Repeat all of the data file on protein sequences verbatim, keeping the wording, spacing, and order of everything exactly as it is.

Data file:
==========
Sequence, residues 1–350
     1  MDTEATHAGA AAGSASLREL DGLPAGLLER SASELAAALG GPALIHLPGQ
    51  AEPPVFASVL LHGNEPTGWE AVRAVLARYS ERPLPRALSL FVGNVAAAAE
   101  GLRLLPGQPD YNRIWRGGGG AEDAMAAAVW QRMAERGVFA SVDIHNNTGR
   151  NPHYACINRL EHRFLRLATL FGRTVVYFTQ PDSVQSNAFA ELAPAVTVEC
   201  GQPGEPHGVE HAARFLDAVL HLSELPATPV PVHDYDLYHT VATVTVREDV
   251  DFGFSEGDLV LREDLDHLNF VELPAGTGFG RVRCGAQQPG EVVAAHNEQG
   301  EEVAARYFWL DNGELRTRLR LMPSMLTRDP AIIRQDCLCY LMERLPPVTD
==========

Sequence, residues 1–350
     1  MDTEATHAGA AAGSASLREL DGLPAGLLER SASELAAALG GPALIHLPGQ
    51  AEPPVFASVL LHGNEPTGWE AVRAVLARYS ERPLPRALSL FVGNVAAAAE
   101  GLRLLPGQPD YNRIWRGGGG AEDAMAAAVW QRMAERGVFA SVDIHNNTGR
   151  NPHYACINRL EHRFLRLATL FGRTVVYFTQ PDSVQSNAFA ELAPAVTVEC
   201  GQPGEPHGVE HAARFLDAVL HLSELPATPV PVHDYDLYHT VATVTVREDV
   251  DFGFSEGDLV LREDLDHLNF VELPAGTGFG RVRCGAQQPG EVVAAHNEQG
   301  EEVAARYFWL DNGELRTRLR LMPSMLTRDP AIIRQDCLCY LMERLPPVTD